She launched into a decade of adventuring. In West Yellowstone, Montana, she interned for the Buffalo Field Campaign, documenting the last wild herd of bison in the park. She taught survival skills at the Roots School in Vermont, focusing on brain tanning and meat processing. During the winter of 2008, Laura Zerra bought a one-way ticket to Mexico. She hitchhiked and hopped freight trains south to Oaxaca, then up the west coast, studying jungle survival. She didn’t carry a camera but has one photo taken on borrowed gear of the Copper Canyon — a place her father had always wanted to see. When Steve Zerra got the picture, he was aghast that she was clearly riding on top of the train, not in it.
Laura Zerra worked odd jobs as a mushroom hunter in Oregon, a tree planter for the Forest Service in Idaho, and a leader of horse treks at an Icelandic horse farm in Vermont. She spent a year as an apprentice farrier and blacksmith in New Hampshire and would later write a book about knife making. She worked on a crab boat out of New Bedford, Massachusetts. She had moved to Colorado to apprentice as a taxidermist, then back to New Hampshire, when the Naked and Afraid team called looking for talent.
“Whenever I wanted to learn something, I got a job,” she says. “I knew I’d never be as good as the master taxidermist I worked with, who was an artist, who developed over a lifetime, but I wanted to know how he does it. I want to learn to weld and fix cars, but I don’t think I can spend the time needed indoors for that. All my interests require the outside.”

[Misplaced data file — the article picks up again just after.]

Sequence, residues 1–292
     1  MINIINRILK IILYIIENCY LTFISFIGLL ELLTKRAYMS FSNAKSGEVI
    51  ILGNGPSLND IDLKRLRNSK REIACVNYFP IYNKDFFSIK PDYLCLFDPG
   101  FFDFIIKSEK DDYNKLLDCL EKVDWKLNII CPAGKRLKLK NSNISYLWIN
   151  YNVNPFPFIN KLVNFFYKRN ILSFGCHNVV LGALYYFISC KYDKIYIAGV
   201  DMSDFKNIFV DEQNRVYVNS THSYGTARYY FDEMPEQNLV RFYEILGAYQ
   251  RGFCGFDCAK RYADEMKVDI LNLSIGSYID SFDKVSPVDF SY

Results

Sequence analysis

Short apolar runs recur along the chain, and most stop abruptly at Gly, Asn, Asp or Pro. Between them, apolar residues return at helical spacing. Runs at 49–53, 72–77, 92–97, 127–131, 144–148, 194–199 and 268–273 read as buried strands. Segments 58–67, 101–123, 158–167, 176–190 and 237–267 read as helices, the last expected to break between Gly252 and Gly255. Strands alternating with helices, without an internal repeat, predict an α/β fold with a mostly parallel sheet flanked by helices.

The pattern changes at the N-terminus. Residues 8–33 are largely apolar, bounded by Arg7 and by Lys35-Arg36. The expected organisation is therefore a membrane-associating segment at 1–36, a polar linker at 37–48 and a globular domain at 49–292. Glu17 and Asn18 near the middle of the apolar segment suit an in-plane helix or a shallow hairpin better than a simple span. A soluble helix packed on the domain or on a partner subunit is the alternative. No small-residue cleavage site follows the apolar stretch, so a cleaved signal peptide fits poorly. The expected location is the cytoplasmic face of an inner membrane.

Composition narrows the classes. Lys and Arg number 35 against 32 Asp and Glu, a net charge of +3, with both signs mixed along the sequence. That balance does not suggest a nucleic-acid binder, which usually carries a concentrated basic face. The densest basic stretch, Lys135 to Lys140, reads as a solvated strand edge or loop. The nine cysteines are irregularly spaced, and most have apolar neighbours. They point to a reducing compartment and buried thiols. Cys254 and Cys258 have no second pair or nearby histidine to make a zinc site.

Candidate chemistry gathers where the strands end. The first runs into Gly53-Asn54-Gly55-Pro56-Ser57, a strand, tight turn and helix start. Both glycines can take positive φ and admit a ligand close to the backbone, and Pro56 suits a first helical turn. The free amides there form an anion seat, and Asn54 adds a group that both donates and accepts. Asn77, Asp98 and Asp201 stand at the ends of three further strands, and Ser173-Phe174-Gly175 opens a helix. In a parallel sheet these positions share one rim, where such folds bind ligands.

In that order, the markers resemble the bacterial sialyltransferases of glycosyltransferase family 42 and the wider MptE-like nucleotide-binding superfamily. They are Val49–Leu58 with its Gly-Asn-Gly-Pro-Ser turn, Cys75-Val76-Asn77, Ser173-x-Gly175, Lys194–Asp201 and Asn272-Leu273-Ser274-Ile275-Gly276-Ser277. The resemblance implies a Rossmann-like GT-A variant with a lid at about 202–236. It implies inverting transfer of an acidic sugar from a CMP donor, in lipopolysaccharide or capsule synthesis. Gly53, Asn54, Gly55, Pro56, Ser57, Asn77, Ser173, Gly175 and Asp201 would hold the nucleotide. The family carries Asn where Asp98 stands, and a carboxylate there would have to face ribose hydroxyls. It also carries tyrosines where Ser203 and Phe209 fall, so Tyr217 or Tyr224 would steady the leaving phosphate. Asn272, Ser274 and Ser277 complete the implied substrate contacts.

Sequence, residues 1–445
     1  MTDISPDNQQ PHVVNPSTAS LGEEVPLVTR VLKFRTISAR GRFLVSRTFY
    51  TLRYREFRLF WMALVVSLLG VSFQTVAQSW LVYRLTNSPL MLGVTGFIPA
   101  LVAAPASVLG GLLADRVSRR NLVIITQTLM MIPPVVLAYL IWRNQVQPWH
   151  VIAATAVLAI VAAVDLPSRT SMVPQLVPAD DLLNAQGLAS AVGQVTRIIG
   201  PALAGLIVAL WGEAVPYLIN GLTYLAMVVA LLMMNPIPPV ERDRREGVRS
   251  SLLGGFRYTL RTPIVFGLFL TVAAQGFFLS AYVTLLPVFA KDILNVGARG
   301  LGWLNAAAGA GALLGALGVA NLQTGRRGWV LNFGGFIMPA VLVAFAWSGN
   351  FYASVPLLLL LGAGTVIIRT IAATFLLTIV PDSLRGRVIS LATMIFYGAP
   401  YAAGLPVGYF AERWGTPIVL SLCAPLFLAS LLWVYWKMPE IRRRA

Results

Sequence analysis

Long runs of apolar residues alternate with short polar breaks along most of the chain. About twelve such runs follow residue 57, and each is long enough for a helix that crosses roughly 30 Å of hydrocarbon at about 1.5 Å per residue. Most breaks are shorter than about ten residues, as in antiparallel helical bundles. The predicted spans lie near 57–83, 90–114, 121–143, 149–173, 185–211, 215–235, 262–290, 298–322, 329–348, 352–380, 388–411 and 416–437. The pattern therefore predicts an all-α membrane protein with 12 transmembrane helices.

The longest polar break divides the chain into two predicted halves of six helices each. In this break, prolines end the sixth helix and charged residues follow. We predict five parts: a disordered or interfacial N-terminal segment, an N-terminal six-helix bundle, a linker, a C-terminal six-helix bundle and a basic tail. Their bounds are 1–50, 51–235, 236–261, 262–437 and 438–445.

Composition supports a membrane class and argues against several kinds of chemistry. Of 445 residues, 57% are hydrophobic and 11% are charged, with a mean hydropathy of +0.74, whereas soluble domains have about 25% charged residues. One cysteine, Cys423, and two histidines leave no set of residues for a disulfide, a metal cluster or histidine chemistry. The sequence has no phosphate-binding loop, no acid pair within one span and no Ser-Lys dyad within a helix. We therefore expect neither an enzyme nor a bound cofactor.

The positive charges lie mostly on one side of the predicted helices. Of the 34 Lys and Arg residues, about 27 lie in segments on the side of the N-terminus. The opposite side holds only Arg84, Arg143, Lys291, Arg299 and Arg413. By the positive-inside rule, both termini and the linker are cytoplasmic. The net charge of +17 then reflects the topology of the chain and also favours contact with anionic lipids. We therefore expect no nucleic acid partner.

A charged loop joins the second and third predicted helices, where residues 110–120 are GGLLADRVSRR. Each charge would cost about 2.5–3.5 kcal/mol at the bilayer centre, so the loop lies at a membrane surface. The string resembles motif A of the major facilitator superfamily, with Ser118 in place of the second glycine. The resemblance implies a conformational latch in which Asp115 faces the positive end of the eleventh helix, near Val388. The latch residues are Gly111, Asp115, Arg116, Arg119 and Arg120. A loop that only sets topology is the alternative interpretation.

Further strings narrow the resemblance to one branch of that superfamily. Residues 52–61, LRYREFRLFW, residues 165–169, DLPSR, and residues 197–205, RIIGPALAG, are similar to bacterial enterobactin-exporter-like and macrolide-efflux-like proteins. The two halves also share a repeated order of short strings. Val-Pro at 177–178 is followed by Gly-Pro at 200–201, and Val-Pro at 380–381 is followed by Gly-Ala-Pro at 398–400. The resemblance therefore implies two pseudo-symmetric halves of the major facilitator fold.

At one point, she realized she was comfortable in the wild but not so much in cities. So, she spent a month living with homeless people in Chicago. She learned how to blend in, move, feed herself when no edible plants are around. “In a way,” she says, “they showed me how to be invisible.”
Over those 10-plus years of travel, odd jobs, and skills development, her primary mode of transportation was hitchhiking. Laura Zerra is 5-foot-4. She is not imposing. She looks like the girl next door. I had to ask, “Did you ever feel unsafe, getting in so many strangers’ cars?”
“So, when someone would pull over, I would always ask them where they were going, and that would give me a 15- to 30-second window where I could get a feel for the person. And then I went with my gut. I really learned to trust my gut. The only times I ever went against my gut were the times when I was like, ‘Oh, shit. This is really bad.’”
In Alpine, Texas, after riding a freight train in the wrong direction, she got in the car with a guy who seemed off. He pulled a gun and held it to her head. “He didn’t say anything. I was like, ‘You can take whatever I have. I don’t have much, but it’s all yours.’ He was silent, for what felt like forever. Then he put the gun under the seat and just said, ‘Welcome to Texas. Just so you know, we all have guns.’”
In hindsight, she doesn’t know if he was a mental health case or wanted to teach her some kind of sick lesson or probably both. Soon as the car stopped, she got out. “That one was just a freebie.”
Another time, she had spent a night out in subzero temps roadside in Montana. The next day, in the freezing cold, a trucker stopped and she got in. “He was Eastern European or Russian; I couldn’t tell. He had a weird vibe and was on the CB most of the time with another trucker speaking the same language. The only thing he asked me was, ‘Are you married?’ And I immediately was like, ‘Oh, I’m actually going to see my boyfriend,’ and I went into this story about how I was hoping we were going to get engaged soon, I hadn’t seen him in a long time. I wanted him to know I’d be missed.